Former student rep speaks out against President Hall
On May 8, both the undergraduate and graduate student representatives on UVic’s Board of Governors (BoG) resigned, citing discontent with the university’s leadership. With less than two months left in their year-long terms, Jonathan Granirer and David Foster, the former undergraduate and graduate student representatives respectively, have taken stands on issues they have alleged seeing within UVic’s governance during their tenures.
The final Senate meeting of the academic year was held on May 6. Foster, who also served as a student senator this academic year, spoke at the meeting to UVic’s President Kevin Hall and the Senate about alleged concerning conduct he witnessed from Hall as the chair of the Senate. This speech was met with audible signs of disapproval from some senators.
Following that meeting, Foster resigned from his position on the BoG. Granirer stepped down on the same day.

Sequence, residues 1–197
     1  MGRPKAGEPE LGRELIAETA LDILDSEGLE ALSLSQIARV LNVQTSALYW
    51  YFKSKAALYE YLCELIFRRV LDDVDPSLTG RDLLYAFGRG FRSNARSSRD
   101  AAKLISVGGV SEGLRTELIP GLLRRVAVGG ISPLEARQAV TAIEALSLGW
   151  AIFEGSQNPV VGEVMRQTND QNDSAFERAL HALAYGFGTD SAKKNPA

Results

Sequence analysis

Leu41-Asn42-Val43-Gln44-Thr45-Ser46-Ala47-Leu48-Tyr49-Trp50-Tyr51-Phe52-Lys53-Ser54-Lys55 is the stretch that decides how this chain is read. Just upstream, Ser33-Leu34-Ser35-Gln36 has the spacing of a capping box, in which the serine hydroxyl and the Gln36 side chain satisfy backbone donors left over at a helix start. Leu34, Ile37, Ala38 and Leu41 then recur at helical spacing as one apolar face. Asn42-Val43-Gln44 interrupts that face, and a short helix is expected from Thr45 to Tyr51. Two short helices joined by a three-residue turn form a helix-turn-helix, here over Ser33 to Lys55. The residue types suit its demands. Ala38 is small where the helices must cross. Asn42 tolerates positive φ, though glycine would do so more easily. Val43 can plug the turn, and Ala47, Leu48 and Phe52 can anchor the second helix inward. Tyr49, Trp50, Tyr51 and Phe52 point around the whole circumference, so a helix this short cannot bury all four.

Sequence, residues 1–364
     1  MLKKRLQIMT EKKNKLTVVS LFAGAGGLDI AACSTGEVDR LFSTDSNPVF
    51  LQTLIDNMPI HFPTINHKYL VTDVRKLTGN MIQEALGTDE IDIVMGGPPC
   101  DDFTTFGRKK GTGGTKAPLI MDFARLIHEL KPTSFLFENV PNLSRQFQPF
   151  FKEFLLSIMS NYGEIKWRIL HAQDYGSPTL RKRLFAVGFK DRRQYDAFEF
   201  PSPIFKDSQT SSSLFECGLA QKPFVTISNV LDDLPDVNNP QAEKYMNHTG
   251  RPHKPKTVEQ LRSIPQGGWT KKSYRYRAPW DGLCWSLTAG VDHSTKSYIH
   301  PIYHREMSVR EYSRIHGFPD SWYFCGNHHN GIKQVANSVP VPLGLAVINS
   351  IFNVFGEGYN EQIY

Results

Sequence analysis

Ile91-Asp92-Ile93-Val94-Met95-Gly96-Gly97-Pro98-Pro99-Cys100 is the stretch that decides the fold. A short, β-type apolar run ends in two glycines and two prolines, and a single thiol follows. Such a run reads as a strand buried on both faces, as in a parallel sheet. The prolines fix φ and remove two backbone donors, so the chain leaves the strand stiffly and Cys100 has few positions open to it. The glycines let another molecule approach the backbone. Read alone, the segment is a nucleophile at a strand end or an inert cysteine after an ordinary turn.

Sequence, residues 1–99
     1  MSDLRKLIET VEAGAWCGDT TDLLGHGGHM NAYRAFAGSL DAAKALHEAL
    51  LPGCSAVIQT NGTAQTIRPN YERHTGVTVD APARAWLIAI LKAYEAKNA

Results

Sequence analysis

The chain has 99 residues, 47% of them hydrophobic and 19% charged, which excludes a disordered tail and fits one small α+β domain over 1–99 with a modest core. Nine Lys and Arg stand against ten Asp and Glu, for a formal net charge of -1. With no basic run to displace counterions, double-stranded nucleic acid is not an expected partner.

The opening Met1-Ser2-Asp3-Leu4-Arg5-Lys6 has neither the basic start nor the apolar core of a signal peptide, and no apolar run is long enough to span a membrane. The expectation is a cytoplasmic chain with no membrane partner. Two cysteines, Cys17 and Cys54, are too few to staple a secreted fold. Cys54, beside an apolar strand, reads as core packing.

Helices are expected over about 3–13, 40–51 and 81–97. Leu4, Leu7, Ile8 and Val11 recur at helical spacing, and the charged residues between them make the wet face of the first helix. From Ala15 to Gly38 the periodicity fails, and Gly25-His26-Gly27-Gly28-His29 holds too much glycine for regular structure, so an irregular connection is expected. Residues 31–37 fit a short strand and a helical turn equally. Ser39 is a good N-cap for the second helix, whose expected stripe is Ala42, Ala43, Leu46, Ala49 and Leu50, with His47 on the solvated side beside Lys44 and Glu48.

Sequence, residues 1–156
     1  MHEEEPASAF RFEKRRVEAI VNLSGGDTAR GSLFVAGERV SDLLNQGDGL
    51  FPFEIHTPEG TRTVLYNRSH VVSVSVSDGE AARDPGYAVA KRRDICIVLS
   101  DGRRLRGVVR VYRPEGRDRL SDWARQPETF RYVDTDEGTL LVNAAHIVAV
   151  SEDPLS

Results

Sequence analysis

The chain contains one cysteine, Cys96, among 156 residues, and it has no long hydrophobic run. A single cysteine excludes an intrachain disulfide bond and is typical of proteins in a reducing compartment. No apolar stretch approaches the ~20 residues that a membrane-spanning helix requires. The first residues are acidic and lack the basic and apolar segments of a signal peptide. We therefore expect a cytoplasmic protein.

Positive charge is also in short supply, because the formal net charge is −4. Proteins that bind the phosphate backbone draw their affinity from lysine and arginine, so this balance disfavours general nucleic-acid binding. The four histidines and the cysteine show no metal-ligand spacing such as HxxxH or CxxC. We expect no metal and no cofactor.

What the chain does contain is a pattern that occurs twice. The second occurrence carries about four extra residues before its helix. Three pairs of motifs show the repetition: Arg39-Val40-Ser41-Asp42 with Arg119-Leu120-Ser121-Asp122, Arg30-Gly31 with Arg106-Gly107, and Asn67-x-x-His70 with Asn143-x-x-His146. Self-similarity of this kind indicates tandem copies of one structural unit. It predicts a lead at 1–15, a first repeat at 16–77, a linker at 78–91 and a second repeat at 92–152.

“Dr. Kevin Hall has shown himself unfit to lead this institution, and it does not appear to me that this Board is able to hold him accountable for his poor leadership,” reads Foster’s resignation letter that was sent directly to the Martlet.
Foster’s resignation letter brings up several alleged issues. Primarily, he alleges that Hall has created unsafe spaces for students and faculty through not enforcing masking or social distancing on campus. He also claims that Hall interpreted the Senate Rules and Procedure unjustly by not allowing senators to attend Senate meetings remotely when he did not agree with their reasoning to do so.
Currently at UVic, masks are encouraged indoors but are not mandatory. That mandate was dropped at the university in March in accordance with the province’s own mask mandate removal. This decision by the university was the topic of a special Senate meeting called on March 24. After a vote by secret ballot, the Senate passed their recommendation to the BoG that it approve reinstating masks on UVic’s campus until the end of the winter semester.
The BoG later voted not to reinstate mask requirements on campus.